'Gosnell' Abortion Doctor Movie Gets Distribution Deal
The filmmakers thought they had a theatrical deal a year ago, but a judge sued to block the film. The issue was recently resolved.
The executive producer called it "a really hard road," but Gosnell: The Trial of America's Biggest Serial Killer will open in as many as 750 theaters in October through a distribution deal with GVN Releasing, the filmmakers said Tuesday.
The movie stars Dean Cain as the lead detective who pursued the case of Kermit Gosnell, the Philadelphia abortion doctor who is serving a life sentence for the murder of three infants and the involuntary manslaughter of one of his adult patients.
The film, made in 2014, is based on a grand jury report that accuses Gosnell of gruesome activities, like killing "hundreds" of "newborns" by sticking scissors into their necks. The filmmakers, though, are hoping to avoid an R-rating.
"The fanatic subject matter poses a risk," said executive producer John Sullivan, perhaps best known for co-directing Dinesh D’Souza’s first two documentary films. "We were very careful not to make it too graphic. Gosnell saving feet of infants in jars as trophies plays a role, and you’ll see him take scissors out, but that part plays out as theater of the mind."
The movie, directed by Nick Searcy, also explores how Gosnell got away with a crime spree that allegedly lasted for many years because bureaucrats and reporters were uninterested in investigating claims made against the doctor.
Gosnell’s trial also became a national talking point when photos of an empty press gallery began to circulate, and the filmmakers explored this phenomenon as well.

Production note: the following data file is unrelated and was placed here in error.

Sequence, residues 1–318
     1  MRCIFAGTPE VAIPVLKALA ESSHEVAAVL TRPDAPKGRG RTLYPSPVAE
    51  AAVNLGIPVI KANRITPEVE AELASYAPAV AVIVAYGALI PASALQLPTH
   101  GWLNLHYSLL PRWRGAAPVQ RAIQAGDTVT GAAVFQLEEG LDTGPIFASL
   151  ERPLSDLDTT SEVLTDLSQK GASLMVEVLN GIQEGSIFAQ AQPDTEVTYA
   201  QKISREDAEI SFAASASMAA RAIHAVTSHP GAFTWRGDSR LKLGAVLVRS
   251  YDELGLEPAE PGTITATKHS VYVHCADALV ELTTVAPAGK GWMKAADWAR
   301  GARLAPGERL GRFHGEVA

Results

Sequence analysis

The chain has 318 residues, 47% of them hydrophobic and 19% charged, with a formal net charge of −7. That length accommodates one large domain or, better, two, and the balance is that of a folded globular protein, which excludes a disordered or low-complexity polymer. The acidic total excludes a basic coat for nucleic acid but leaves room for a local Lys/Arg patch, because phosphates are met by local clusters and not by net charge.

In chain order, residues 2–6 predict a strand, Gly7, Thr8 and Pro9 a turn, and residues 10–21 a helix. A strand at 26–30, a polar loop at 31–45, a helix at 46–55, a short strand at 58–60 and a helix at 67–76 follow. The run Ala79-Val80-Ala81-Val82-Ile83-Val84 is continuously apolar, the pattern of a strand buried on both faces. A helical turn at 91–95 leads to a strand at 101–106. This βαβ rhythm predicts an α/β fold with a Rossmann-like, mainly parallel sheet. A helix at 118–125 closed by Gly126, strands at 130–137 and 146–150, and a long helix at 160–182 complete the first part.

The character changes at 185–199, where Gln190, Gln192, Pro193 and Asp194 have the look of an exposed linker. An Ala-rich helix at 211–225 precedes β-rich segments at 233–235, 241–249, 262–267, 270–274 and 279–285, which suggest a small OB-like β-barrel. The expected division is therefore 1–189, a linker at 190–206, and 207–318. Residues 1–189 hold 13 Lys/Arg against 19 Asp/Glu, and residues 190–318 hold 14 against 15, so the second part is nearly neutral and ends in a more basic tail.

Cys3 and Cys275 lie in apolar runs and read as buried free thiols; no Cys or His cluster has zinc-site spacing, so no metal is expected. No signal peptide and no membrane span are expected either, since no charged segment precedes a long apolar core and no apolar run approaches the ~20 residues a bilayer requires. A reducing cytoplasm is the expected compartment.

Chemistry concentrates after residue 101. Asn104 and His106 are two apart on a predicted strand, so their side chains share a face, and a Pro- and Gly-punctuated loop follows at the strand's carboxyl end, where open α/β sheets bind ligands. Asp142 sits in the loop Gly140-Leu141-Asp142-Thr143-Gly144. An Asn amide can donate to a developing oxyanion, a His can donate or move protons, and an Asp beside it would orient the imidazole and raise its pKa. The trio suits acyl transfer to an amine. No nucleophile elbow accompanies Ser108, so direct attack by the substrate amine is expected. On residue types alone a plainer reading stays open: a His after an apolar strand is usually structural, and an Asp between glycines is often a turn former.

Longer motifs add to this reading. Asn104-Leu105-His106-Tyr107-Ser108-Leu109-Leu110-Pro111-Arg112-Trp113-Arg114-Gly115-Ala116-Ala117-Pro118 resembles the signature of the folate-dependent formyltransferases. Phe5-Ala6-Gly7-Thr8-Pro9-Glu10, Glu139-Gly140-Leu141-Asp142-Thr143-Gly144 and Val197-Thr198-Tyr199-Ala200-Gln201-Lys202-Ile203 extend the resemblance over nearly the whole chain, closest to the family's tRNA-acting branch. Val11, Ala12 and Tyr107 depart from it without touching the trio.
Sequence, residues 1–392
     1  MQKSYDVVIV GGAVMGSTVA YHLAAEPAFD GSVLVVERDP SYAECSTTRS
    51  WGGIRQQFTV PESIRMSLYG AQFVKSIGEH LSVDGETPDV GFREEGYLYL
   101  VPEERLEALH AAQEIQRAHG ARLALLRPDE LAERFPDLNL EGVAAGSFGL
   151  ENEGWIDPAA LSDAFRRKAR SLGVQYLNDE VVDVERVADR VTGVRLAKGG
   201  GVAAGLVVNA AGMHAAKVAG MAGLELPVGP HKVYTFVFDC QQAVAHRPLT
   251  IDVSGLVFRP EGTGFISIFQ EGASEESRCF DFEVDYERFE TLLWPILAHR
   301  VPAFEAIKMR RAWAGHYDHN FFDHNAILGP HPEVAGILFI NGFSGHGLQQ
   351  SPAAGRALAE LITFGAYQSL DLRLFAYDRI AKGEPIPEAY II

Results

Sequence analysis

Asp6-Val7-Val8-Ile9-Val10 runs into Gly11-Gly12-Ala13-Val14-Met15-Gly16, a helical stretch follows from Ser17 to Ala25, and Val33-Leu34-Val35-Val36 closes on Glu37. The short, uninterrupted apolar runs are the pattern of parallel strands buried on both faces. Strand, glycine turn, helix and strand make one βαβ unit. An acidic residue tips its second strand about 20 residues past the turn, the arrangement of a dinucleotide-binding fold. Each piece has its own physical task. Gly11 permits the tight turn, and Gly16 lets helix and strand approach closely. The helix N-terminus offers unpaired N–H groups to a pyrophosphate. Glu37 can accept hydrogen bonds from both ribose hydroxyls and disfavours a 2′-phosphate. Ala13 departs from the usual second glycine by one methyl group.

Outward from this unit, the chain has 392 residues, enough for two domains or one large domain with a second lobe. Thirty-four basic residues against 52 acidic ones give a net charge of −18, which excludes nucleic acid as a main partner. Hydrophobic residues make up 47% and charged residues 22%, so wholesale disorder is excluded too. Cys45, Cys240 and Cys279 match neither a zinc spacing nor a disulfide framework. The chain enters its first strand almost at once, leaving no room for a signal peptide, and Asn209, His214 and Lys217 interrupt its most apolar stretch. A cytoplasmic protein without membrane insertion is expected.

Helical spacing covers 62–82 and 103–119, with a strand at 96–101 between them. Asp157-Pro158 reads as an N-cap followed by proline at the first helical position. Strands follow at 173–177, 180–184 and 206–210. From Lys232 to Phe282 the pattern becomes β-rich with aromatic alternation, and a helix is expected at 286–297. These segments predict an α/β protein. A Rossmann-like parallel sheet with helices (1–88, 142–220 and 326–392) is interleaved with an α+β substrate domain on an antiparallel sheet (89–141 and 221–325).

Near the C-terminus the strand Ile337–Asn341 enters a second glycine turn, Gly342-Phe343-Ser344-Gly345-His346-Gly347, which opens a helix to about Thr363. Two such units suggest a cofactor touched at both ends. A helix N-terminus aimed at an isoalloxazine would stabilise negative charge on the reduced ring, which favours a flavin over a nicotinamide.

Searcy, better known as an actor than director, also plays a role in the film. “No matter what your stance is on abortion, you will have a more informed opinion after you see Gosnell,” said Searcy.
Producers Anne McElhinney and Phelim McAleer made the movie with $2.3 million raised on Indiegogo and have been trying to get it into theaters for nearly four years, with no success until now.
“It’s a story that needs to be told fairly and we’ve done just that. The cover-up stops here,” said McElhinney.
The filmmakers thought they had a distribution deal a year ago but the judge at Gosnell’s trial, Jeffrey Minehart, sued to block the release of the film, fearing he was portrayed as part of "Philadelphia’s liberal corrupt government."
The lawsuit accused the producers of "shamelessly exploiting for profit the morally divisive issue of abortion and the notoriety of the horrific Kermit Gosnell trial, which involved a Philadelphia abortion doctor who was found guilty of grisly mass murders of fully developed in-vitro infants, some of whom were born alive."
The legal matter was recently resolved.
After a theatrical release, GVN is also handling distribution into homes by way of DVD, Blu-ray disc and streaming deals.
"I've been on hard films before, but this one was particularly difficult," said Sullivan. "Hollywood is afraid of this content. It's a true story the media tried to ignore from the very beginning, so I wasn’t surprised to see Hollywood ignore us."